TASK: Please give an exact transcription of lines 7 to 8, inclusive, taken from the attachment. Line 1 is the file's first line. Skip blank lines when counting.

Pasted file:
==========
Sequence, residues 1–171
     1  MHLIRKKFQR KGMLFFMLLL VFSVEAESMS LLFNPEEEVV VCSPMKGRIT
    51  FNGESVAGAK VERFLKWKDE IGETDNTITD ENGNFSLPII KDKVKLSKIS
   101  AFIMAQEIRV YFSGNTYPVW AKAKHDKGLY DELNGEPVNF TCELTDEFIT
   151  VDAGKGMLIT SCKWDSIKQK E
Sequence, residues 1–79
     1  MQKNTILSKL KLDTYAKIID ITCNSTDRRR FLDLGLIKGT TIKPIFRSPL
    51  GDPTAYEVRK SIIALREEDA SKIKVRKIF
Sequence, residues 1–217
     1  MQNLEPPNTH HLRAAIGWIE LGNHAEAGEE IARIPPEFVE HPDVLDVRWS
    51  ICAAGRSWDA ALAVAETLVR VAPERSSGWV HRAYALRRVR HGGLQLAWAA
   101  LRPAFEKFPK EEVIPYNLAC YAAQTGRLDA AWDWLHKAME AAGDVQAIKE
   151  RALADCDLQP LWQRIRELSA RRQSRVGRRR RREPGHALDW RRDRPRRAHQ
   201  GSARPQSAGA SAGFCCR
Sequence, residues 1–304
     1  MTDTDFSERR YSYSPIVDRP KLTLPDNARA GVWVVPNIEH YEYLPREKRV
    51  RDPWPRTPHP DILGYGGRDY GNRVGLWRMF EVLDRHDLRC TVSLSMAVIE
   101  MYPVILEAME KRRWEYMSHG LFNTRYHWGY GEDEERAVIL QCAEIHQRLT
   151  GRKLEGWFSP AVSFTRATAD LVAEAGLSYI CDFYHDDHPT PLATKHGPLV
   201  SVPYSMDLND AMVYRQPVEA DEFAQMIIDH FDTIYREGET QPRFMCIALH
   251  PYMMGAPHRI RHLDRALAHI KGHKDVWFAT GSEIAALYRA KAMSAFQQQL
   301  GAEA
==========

     1  MQKNTILSKL KLDTYAKIID ITCNSTDRRR FLDLGLIKGT TIKPIFRSPL
    51  GDPTAYEVRK SIIALREEDA SKIKVRKIF